Keep an eye on…
EP: Daniel Carlson.
After one bad day at the office against the San Francisco 49ers, Carlson finished his rookie campaign scalding hot.
When all was said and done, the former Auburn Tiger connected on an absurd 94 percent of his kicks, including every attempt he had from 50-plus.
It sure looks like the Silver and Black have found their kicker of the future in young Mr. Carlson, but even so, now that he's essentially entrenched in a one-man competition against himself, I'm curious to see if he can keep riding the positive momentum of a blistering end to his first season as a Raider.
Kyle predicted that Carlson would go perfect this year (spicy take alert), and while I'm not sure No. 8 will complete every single kick he attempts, I do expect 2019 to be very good to him.
Just how good remains to be seen, but camp will give us a good idea of where he's at.
KM: The Rookies.
Every year a new batch of rookies enters the league looking to make their imprint, and the best way for them to do that is on special teams.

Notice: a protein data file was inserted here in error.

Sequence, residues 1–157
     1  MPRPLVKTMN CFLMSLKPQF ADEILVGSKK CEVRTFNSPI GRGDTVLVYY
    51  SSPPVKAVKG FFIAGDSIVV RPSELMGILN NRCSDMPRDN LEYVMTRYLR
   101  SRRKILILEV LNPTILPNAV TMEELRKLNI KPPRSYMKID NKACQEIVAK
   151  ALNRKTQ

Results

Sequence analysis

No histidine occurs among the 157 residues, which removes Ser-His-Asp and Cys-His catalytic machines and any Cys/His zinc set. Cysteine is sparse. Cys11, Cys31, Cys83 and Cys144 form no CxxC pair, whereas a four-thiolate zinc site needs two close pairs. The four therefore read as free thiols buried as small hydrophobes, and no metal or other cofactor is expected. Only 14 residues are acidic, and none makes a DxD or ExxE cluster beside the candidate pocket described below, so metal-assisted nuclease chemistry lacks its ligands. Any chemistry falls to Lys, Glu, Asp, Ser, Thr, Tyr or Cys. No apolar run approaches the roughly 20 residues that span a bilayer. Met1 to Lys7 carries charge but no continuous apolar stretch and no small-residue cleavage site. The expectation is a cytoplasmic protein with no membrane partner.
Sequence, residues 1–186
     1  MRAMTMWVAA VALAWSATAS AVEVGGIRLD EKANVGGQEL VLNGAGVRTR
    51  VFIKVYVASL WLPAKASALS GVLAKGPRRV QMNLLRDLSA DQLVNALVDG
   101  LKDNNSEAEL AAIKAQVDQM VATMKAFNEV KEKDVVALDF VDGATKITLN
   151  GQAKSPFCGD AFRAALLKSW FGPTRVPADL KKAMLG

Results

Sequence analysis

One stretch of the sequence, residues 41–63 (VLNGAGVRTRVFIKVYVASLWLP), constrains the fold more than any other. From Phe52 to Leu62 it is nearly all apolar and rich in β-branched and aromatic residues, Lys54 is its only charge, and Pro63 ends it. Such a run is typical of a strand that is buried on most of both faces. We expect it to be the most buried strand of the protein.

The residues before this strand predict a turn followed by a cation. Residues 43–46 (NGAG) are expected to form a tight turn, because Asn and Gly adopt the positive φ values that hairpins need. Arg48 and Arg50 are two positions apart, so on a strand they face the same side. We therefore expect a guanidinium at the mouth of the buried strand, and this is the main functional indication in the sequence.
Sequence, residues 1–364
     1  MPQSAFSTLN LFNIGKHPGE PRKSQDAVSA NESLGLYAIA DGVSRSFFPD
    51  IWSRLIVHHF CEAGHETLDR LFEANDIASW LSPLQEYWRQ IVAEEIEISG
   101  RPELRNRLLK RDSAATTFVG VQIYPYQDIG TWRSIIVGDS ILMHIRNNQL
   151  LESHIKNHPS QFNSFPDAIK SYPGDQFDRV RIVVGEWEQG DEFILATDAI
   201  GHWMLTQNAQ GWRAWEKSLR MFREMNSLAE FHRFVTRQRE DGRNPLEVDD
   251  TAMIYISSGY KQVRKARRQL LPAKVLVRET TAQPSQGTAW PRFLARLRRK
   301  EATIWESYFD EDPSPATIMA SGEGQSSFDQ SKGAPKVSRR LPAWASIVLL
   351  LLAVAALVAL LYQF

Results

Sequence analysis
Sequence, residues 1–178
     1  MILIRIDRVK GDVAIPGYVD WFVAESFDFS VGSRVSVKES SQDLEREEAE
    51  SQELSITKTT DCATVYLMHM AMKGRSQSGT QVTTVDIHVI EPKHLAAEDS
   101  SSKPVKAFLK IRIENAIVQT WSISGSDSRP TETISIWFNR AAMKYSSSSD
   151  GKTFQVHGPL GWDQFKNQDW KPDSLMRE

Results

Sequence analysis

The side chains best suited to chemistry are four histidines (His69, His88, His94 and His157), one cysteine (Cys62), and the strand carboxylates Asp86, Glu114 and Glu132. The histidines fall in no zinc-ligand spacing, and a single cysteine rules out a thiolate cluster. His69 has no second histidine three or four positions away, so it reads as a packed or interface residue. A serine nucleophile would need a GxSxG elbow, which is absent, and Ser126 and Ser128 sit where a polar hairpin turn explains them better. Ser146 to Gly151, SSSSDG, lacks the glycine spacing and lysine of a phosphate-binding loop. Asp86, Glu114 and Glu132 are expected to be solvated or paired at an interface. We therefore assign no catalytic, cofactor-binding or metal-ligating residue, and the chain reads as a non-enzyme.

The Raiders have a handful of players from the 2019 Draft Class eager to contribute in any way they can. After being drafted, No. 27 overall pick Johnathan Abram asked Rich Bisaccia if he could play on special teams, and I'm sure he appreciated the safety's enthusiasm I think the coaching staff has other plans for the talented defensive back. His mentality and desire to do whatever is necessary to help the team win is the exact approach every player should take, and fellow rookies Isaiah Johnson and Foster Moreau share the same desire.
One area of the special teams unit I'm excited to watch unfold during training camp and the preseason is the gunner positions. I think Isaiah Johnson can be a great fit and a great way for him to see more playing time, considering he's in a talented cornerbacks room and reps will be limited.
Question you want answered by the end of training camp:
EP: This is an easy one – who's the long snapper?
Two men enter, one man will win the job.
Game on, gentlemen.
KM: It comes back to the punting job for me.
I hope to see more consistency from Townsend and that he's taken a few steps forward in his development. I know he has the potential to be a reliable punter for the team, and if all goes according to plan the Raiders should make strides in field position this season.